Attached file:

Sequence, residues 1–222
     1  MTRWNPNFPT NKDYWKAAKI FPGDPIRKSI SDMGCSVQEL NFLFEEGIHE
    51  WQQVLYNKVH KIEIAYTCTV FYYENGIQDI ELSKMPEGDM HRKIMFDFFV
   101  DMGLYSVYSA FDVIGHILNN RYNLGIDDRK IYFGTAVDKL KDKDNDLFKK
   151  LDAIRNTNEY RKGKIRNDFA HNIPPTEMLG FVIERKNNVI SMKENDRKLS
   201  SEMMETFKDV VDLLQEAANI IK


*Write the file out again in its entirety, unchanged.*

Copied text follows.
Sequence, residues 1–222
     1  MTRWNPNFPT NKDYWKAAKI FPGDPIRKSI SDMGCSVQEL NFLFEEGIHE
    51  WQQVLYNKVH KIEIAYTCTV FYYENGIQDI ELSKMPEGDM HRKIMFDFFV
   101  DMGLYSVYSA FDVIGHILNN RYNLGIDDRK IYFGTAVDKL KDKDNDLFKK
   151  LDAIRNTNEY RKGKIRNDFA HNIPPTEMLG FVIERKNNVI SMKENDRKLS
   201  SEMMETFKDV VDLLQEAANI IK